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RESULTS for the local bodies’ elections in Khyber Pakhtunkhwa are reflective of the fact that the people of the province—once a stronghold of the PTI—seek to do away with the current dispensation due to its utter failure to curb, or even mitigate, galloping inflation, misgovernance, and even corruption. Indeed, outcome in 46 out of the 64 tehsils declared so far come as a rude for the Imran Khan-led PTI, forcing the party to go for an introspection.
The PTI that ruled Khyber Pakhtunkhwa for almost nine years has bitten the dust at the hands of a rival no less than the JUI-F that has invariably been the target of the ruling party’s snide remarks and insinuations. The religious party, which was defeated by the PTI in the last two elections, much like many other political parties including the ANP, has, to one’s utter surprise, managed to clinch the chairmanship and mayorship in 16 sub-districts.
The opposition parties — ANP, PML-N, Jamaat-i-Islami, and PPP-P — won a total of 31 seats. When you add in the seven independents, you get a total of 38. This is a large figure, and it should be cause for concern for the PTI, which until recently could claim of being the only party in the north-western province to be restored to power twice.
Not only that, but the PTI lost in towns and cities where it had defeated all of the main political parties on its own. For example, the ruling party holds only one tehsil in Peshawar, the seat of political power, where the PTI won five national and 11 provincial assembly seats in the recent general elections. Many notable members of the present federal and provincial governments have lost their native tehsils.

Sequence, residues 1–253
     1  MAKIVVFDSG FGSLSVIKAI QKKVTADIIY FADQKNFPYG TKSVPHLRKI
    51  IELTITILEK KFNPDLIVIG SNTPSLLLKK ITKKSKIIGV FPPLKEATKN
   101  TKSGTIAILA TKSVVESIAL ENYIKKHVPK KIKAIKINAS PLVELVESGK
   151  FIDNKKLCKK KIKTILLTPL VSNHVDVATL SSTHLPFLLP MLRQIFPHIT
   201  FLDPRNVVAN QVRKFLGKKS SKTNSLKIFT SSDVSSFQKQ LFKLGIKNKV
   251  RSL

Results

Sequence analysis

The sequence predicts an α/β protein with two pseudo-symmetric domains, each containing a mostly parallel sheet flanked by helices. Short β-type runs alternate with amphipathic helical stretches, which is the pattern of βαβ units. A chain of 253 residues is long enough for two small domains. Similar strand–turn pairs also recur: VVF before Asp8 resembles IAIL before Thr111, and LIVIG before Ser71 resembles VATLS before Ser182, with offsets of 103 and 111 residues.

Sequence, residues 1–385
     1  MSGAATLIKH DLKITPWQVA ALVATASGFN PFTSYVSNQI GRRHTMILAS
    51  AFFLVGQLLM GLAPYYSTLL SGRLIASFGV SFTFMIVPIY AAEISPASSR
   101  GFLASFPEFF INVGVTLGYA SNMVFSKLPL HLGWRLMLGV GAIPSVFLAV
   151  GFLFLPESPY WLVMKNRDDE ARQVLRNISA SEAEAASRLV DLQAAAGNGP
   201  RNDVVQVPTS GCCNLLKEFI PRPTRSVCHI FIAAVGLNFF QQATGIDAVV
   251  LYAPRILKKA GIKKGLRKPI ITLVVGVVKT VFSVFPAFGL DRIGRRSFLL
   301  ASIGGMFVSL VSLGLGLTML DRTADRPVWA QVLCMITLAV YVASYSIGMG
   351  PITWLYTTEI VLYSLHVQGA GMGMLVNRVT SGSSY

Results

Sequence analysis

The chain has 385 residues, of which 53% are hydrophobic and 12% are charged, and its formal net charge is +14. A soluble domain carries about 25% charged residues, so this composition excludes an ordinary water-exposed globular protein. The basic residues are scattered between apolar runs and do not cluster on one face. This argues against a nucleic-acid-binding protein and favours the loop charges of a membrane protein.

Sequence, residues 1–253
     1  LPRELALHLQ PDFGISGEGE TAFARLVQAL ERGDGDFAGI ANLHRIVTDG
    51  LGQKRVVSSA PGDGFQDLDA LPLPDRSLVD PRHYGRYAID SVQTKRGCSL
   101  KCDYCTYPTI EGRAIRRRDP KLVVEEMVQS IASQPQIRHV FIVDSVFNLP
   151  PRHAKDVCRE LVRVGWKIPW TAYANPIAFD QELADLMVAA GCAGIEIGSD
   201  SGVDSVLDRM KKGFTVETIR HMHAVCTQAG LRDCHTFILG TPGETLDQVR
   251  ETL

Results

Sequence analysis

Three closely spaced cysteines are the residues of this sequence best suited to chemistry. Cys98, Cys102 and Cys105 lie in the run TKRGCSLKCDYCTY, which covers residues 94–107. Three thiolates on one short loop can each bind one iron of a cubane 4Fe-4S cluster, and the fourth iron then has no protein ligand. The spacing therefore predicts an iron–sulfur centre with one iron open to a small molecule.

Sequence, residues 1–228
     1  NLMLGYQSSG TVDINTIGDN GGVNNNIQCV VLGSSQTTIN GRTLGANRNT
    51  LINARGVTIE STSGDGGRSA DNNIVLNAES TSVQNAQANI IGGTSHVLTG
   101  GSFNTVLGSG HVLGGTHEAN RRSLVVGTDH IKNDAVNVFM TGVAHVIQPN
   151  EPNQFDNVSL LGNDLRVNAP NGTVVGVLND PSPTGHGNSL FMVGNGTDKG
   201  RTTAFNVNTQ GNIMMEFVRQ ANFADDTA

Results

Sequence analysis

The PTI will undoubtedly undergo some soul-searching in the coming weeks, but it cannot ignore the impact of its poor economic policies, including as price hikes and power and gas shortages, on the common man – something that many in government have admitted. This is most likely the main reason for the PTI’s defeat in the first round of municipal elections.
Other causes contributing to the PTI’s surprising defeat in the closely contested elections include nepotism and favoritism in the awarding of party tickets at the expense of dedicated workers, a lack of an organizational structure at the lower tier, and a complacent leadership. The myth of the PTI’s invincibility has been debunked, which should give the party’s leadership some food for thought.
The ANP, like the PTI, needs to look inward and investigate its lackluster performance. The party bagged only one seat in Peshawar, and all three seats in Charsadda, its birthplace and stronghold. It has little reason to be happy with only six seats in hand. It must appreciate that it will have to review its narrative in a bid to garner the support of an educated and social media-savvy youth in the province.